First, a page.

interesting value) but /specifically for video/ compared to the i3,
you might do better sacrificing a fair bit of speed per core and
going with an even cheaper AMD quad core (ie $99 Athlon II X4 635,
$118 Phenom II X4 940, prices per Newegg).


It's tempting. I've built a lot of AMD machines over the years but
proportionally I've had a lot of problems with weirdness (hardware
conflicts, driver conflicts, overheating). My intel builds always seem to
be less problematic.


Robert Myers June 11th 10 09:34 PM

Worth upgrading?
 
On Jun 11, 3:41*pm, Mac Cool wrote:


Per multitasking, I imagine that's more hard disk speed and memory than
cpu.

My eight thread machines (Intel) seem to handle simultaneous heavy
disk i/o and all the other things I do (like running multiple machines
from the same monitor while watching HD video) much more gracefully
than my two-thread machines (Intel and AMD). I suspect the difference
is more graceful handling of frequent interrupts. Running memory
space limited rarely makes good sense, if time and avoidance of
frustration are important to you, regardless of the processor.

Computer buying decisions and preferences can be so personal, but, if
I were you, I'd keep my money in my pocket and focus on the house for
six months.

Robert.

Yousuf Khan[_2_] June 12th 10 04:44 AM

Worth upgrading?
 
On 6/10/2010 1:22 PM, Mac Cool wrote:
ECS GeForce6100SM-M (1.0) AM2 NVIDIA GeForce 6100S Micro ATX AMD
Motherboard
Athlon 64 X2 5400+
2GB RAM, WinXP

I want to switch over to an intel processor and I'm considering the i3 530
or the i5 750; big difference I know. But I've read the i3 is very
overclockable if I decide to go that way. But I'm not sure if it's enough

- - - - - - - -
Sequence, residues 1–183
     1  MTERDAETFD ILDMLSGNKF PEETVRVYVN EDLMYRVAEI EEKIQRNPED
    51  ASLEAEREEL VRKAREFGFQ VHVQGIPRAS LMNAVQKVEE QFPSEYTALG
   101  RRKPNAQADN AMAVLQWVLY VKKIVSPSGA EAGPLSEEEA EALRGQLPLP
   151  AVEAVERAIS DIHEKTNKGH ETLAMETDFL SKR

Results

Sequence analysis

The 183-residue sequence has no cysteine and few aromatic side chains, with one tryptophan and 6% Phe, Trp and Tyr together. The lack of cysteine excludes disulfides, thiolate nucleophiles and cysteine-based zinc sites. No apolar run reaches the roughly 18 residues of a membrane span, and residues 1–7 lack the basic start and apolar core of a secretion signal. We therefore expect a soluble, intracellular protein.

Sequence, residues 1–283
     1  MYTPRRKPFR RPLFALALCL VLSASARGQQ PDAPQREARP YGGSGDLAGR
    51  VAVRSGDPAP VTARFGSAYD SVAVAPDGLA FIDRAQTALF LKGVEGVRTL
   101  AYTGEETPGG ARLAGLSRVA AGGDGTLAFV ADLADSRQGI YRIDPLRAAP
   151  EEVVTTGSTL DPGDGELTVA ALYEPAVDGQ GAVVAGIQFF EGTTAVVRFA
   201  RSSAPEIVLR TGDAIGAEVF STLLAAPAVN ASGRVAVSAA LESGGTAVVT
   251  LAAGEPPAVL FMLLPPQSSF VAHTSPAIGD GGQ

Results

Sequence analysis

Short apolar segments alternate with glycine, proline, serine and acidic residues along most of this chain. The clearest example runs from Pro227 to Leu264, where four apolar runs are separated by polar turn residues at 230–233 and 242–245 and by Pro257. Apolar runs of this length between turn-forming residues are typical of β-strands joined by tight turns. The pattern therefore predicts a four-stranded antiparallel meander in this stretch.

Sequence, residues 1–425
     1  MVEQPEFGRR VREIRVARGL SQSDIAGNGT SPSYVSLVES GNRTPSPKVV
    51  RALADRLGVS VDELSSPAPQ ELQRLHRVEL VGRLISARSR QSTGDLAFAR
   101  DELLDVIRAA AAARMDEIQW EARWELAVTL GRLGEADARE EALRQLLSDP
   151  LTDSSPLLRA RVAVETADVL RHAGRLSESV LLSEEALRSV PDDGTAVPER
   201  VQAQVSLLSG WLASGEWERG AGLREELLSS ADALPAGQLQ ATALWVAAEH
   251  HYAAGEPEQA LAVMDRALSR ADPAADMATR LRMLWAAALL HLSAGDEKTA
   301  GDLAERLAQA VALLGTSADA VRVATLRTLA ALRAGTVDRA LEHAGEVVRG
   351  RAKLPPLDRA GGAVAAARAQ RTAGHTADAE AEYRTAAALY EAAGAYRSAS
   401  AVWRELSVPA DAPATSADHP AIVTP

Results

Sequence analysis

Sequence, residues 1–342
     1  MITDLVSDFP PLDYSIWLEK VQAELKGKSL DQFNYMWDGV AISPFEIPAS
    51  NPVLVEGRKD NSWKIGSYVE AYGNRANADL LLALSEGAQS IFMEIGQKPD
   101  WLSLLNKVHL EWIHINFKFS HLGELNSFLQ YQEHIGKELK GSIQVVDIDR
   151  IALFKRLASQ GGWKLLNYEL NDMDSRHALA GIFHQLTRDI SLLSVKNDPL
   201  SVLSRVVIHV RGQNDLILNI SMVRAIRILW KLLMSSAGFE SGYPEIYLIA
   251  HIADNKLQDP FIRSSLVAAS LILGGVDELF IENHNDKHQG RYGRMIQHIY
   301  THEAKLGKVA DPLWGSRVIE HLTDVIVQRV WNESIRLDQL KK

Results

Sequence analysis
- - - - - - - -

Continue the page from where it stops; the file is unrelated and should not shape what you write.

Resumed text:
of an upgrade to bother. The only real benchmarks I could find comparing
them are Passmark which I'm not that familiar with.

Passmark

X2 5400 1493/284
i3 540 2865/129
i3 530 2713/136
i5 750 4195/58

I don't game at all. I use my pc for vector graphics, video transcoding
and lots of multitasking. I would like to keep the upgrade under $300
initially (mb, cpu, ram).


I'd go with the i5, and not bother with the i3. If something isn't at
least 4 times faster, then it's hard to notice a difference.

for very heavy video-encoding usage, the 6-core Phenom IIs are an
interesting value) but /specifically for video/ compared to the i3,
you might do better sacrificing a fair bit of speed per core and
going with an even cheaper AMD quad core (ie $99 Athlon II X4 635,
$118 Phenom II X4 940, prices per Newegg).

It's tempting. I've built a lot of AMD machines over the years but
proportionally I've had a lot of problems with weirdness (hardware
conflicts, driver conflicts, overheating). My intel builds always seem to
be less problematic.


Any sort of homebuilt PC will experience those wierdnesses, the
component manufacturers can't and don't test them in the same way as a
complete OEM system would be tested. You yourself are the system tester.
My brother-in-law has a full-gamer system with i7-920 processor, and he
has weirdnesses happening on his system too, like he always has to
reboot twice before the system will boot again. I'm sure a BIOS update
will fix that, but it's upto him to find the updates and apply them.

I think AMD systems will probably make a quantum leap advance in
stability nowadays as AMD itself is now manufacturing all of the